A new exhibition will explore 73 years of scouting at the RHS Bridgewater.

Salford provided opportunities for young people in the Northwest to develop camping skills and take part in outdoor activities.

The 154-acre plot is now a world-class garden and visitor attraction, but for many people, it retains a strong connection with childhood adventure as for over half a century, the grounds of Worsley New Hall was home to Middlewood Scout Camp.

It was the comments from visitors about their childhood experiences that inspired the idea of the exploration into the site’s history and a social media appeal launched by RHS in autumn 2021 resulted in hundreds of submissions which included comments, letters, photographs, and film.

Scouts sitting on terraces outside heavily damaged Worsley New Hall. Circa 1949, original image undated. Cunliffe Family Collection © Victor Cunliffe

Through the memories and archives of those who spent time there, the exhibition aims to tell the story of Middlewood Scout Camp and will feature photography, films, and personal stories as it offers a glimpse into the past.

Phil Rigby, who was the last warden of Middlewood Scout Camp, is one of the contributors. Rigby, who grew up nearby by Worsley, expressed how significant it had been to him and his friends.

He said: “I was just besotted with the place, I thought this was just tremendous, you know and that started what turned out to be a very long scouting career. There’s a generation that would come and tell you that they were the best days of our lives.”

Rigby has been caring for the site for 20 years up until its closure in 2016 and has an impact on many young visitors. The exhibition aims to recognise his contributions alongside others.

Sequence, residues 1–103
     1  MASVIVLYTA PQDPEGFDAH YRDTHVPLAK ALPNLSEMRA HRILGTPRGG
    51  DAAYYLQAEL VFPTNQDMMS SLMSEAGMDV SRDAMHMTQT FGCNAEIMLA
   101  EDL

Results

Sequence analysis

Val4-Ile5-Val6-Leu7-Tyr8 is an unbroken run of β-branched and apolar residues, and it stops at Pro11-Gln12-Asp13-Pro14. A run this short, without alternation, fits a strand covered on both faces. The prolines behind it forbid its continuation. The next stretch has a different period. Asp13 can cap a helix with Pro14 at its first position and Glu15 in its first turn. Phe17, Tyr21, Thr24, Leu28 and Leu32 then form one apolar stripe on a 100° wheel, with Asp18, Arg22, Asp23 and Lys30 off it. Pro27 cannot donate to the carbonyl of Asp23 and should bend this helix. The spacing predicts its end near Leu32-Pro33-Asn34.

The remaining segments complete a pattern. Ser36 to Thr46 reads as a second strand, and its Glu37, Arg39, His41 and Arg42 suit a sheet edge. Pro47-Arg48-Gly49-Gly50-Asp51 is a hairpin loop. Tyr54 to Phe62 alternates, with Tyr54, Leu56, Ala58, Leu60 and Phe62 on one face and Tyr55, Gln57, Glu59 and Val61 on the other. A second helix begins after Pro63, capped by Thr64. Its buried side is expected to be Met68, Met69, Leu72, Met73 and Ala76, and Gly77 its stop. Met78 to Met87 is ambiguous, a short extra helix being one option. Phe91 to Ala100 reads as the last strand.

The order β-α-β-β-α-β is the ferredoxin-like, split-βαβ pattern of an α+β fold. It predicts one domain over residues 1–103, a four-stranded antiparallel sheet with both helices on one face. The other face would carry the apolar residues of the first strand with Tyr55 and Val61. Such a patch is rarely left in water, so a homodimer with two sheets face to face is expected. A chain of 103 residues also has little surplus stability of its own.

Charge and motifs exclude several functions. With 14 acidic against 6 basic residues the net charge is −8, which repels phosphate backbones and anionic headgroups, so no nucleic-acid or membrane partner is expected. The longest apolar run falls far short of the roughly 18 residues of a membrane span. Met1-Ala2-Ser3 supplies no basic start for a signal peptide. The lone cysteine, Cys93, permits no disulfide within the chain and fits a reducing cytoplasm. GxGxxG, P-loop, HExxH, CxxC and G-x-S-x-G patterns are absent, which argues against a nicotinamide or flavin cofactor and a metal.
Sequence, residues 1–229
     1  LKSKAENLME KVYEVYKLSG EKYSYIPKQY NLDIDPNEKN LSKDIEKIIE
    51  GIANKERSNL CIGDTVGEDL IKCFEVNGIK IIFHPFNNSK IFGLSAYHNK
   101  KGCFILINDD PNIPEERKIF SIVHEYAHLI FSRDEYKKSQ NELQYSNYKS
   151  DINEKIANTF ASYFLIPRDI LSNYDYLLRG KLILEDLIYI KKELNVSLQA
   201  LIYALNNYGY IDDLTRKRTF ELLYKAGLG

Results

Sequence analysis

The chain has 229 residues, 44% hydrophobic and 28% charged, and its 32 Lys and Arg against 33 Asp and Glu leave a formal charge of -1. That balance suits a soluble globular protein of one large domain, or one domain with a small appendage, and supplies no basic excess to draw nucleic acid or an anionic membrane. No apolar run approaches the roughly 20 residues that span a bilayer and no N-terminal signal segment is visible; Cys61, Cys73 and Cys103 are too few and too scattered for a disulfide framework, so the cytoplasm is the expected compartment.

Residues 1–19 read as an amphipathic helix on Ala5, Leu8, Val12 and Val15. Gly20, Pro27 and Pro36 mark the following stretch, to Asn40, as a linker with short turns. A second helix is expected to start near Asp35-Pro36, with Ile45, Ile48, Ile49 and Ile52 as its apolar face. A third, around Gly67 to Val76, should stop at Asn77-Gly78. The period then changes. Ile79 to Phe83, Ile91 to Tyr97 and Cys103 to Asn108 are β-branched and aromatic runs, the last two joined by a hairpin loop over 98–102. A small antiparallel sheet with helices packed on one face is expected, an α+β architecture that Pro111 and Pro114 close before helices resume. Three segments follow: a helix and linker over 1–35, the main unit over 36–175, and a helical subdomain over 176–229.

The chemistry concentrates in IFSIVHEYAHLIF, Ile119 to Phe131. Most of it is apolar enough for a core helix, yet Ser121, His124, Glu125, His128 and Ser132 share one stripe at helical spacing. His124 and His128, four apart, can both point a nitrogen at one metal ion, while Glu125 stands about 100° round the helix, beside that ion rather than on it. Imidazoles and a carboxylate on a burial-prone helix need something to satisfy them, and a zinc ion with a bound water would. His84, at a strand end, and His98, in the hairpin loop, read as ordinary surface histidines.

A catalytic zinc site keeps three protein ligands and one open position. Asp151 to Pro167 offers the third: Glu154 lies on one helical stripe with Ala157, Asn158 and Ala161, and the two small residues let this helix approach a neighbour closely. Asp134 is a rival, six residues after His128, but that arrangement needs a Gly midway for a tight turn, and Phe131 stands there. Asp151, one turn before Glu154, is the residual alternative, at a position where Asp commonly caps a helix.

Scouts outside their tent at Middlewood Scout Camp. Cunliffe Family Collection © Victor Cunliffe 

As well as the nostalgic look into the past, the exhibition includes the team who are creating the next generation of Scout camp: Hollinwood Scout Camp.

The camp is based on 30-acre woodland site on Chat Moss, Greater Manchester and is the focus of a £250k fundraising campaign aiming to build the first stage of essential facilities.

Ste Butterworth, Hollinwood Scout Camp Warden, said: “Middlewood was important not just because of the place but the space and the opportunities it offered. We want the new camp to inspire young people to get outdoors and learn skills for life just as we did.”

The exhibition is free to visitors, but usual charges to the garden will apply. Salford residents can visit for free on Salford Free Tuesdays.

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